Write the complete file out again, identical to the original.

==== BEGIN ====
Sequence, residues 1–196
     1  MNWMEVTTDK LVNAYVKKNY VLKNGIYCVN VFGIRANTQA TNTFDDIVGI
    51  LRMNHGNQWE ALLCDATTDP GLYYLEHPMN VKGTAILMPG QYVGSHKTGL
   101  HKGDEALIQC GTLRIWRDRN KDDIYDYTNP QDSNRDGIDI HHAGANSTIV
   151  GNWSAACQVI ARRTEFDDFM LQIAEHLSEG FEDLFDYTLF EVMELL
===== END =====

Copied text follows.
Sequence, residues 1–196
     1  MNWMEVTTDK LVNAYVKKNY VLKNGIYCVN VFGIRANTQA TNTFDDIVGI
    51  LRMNHGNQWE ALLCDATTDP GLYYLEHPMN VKGTAILMPG QYVGSHKTGL
   101  HKGDEALIQC GTLRIWRDRN KDDIYDYTNP QDSNRDGIDI HHAGANSTIV
   151  GNWSAACQVI ARRTEFDDFM LQIAEHLSEG FEDLFDYTLF EVMELL